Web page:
Over the past several months, we’ve been convening discussions with some of the world’s foremost privacy thinkers, including representatives of regulatory bodies, government policymakers, academia, NGOs and industry to explore alternate models for privacy in a modern information economy. At meetings in Washington, D.C.; Brussels; Singapore; Sydney and Sao Paulo, we’ve debated how best to evolve the notice, choice and consent model to better meet changing societal needs. Yesterday, we advanced those discussions at a global forum here in Redmond, Washington.
Microsoft has a long-standing commitment to privacy and, as part of Trustworthy Computing’s 10-year milestone last January, Corporate Vice President Scott Charney suggested that, in a world of connected devices, technology-enabled information use, and the emergence of “big data,” it’s time to consider evolving the frameworks that have governed aspects of the protection of personal data. He proposed a model that shifts focus toward acceptable use of data, and he suggested specific ways to hold organizations accountable for its management, as opposed to the current common themes of collection limitation, notice and choice.
First, some background. Forty years ago, the first Information Privacy statutes were enacted. After intense discussions in North America and Europe at the end of the 1970s, a number of privacy principles emerged under the concept of Fair Information Practices, and later became the foundation of the OECD Privacy Guidelines. They form the basis of most privacy legislation around the world. At their core, they require that the processing of personal information must be lawful, which in practice means that it is either explicitly permissible under the law or that the individual whose personal data is being processed has – after being informed of reason, context and purpose of the processing – given her consent.
Almost everywhere an individual ventures online, she will be presented with long and complex notices, routinely written by lawyers for lawyers, and then requested to either “consent” or abandon the use of the desired Internet service. That very binary choice is not what the privacy architects four decades ago had envisioned when they imagined an empowered individual making an informed decision about who to permit processing of his or her personal data. And, in practice, it certainly is not the most optimal mechanism to ensure that an individual’s information privacy is being protected.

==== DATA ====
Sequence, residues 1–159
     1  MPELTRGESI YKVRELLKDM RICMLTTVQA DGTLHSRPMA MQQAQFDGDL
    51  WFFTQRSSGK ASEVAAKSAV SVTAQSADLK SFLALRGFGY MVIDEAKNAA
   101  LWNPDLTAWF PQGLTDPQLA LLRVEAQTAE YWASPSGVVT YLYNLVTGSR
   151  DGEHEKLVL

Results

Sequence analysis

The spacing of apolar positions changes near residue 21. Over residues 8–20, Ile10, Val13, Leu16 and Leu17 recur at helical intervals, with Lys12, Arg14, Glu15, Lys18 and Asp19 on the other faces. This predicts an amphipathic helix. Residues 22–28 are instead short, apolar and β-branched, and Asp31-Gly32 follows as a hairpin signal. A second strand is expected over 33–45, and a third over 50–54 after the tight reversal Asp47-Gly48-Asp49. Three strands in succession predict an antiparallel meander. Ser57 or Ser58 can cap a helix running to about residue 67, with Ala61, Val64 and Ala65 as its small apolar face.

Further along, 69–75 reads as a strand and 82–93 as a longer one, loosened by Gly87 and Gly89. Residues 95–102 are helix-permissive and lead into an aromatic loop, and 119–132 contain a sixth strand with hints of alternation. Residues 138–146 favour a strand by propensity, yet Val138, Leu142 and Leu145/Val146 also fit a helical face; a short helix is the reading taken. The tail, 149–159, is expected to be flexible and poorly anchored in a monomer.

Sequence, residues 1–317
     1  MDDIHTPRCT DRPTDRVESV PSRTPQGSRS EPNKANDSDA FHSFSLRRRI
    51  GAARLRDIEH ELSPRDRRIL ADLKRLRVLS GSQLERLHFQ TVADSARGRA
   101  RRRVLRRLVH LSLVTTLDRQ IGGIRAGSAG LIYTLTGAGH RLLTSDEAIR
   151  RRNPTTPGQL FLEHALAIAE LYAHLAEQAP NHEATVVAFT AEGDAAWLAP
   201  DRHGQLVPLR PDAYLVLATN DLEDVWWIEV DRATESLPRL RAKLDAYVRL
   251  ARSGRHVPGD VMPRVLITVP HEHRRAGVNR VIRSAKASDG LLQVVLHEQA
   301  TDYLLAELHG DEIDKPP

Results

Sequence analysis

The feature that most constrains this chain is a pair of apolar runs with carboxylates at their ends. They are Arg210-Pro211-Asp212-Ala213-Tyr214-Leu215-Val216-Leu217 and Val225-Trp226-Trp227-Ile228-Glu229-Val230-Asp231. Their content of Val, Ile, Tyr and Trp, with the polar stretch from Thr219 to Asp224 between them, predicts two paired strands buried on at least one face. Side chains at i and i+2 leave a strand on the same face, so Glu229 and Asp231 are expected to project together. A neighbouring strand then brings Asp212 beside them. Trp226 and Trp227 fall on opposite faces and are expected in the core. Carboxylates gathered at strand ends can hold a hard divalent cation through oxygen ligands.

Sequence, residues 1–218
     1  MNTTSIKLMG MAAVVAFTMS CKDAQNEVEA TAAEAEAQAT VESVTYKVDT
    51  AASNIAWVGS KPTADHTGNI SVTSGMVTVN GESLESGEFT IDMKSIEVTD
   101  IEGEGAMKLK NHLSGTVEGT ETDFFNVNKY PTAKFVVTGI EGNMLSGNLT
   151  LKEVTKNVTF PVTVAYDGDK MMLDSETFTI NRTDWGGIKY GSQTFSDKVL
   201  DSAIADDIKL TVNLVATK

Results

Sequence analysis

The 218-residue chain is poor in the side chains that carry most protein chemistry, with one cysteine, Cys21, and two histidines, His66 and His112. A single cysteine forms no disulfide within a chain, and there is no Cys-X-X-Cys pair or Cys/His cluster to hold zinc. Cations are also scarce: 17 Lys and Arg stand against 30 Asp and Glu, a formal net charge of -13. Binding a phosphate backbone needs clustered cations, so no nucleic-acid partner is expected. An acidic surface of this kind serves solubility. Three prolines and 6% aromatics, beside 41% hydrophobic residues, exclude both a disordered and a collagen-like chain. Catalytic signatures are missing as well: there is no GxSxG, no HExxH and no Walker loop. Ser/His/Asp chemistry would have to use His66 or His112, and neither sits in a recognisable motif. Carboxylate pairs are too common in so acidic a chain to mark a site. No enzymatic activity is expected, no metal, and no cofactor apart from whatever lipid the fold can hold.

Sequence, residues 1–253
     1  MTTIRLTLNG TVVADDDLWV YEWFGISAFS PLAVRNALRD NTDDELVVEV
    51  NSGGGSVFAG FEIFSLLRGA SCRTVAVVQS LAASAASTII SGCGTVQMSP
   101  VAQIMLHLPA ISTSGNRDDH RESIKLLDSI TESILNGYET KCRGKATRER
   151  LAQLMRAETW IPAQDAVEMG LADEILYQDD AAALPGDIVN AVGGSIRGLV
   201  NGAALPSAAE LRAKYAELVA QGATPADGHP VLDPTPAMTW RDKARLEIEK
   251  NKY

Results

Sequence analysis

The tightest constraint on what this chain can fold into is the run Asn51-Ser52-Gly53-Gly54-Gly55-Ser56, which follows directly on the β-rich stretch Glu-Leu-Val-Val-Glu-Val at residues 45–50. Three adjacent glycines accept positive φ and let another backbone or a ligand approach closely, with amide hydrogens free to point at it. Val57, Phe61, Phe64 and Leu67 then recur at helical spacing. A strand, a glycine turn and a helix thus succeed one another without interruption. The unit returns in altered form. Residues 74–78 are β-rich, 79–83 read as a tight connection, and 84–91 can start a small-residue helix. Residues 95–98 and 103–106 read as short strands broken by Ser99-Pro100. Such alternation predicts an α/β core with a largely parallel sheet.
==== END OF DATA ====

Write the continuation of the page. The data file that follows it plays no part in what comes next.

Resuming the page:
Asking people to police the use of their data leads to a disproportionate, unsustainable burden of responsibility, and doesn’t create the right incentives to protect privacy. Equally challenging is the fact that in the age of big data, much of the value or utility of information is not apparent at the time of collection, when notice and consent would normally be exchanged; the value, often to society, is determined through analysis.
The previous global discussions and this week’s forum are only the beginning of what we believe is a much-needed examination of how privacy practices must evolve to support individuals in a more complex and data-driven society, while at the same time allowing all of us to benefit from the value of information-driven innovation. It is a process that must happen collaboratively across geographic boundaries and across public and private sector interests.
I look forward to sharing further developments stemming from our global discussion series in the coming months, as well as identifying the next steps we all must take to redefine privacy protections.